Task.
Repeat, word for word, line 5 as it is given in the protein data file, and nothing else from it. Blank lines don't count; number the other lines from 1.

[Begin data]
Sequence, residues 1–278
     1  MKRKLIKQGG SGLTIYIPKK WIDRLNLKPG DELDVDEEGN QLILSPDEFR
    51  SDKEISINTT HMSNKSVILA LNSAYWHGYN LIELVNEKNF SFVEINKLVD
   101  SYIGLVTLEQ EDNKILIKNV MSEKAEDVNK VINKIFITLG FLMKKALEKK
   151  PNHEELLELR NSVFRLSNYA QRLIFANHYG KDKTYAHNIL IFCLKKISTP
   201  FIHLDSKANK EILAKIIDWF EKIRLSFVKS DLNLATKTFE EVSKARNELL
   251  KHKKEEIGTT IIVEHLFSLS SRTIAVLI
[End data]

   151  PNHEELLELR NSVFRLSNYA QRLIFANHYG KDKTYAHNIL IFCLKKISTP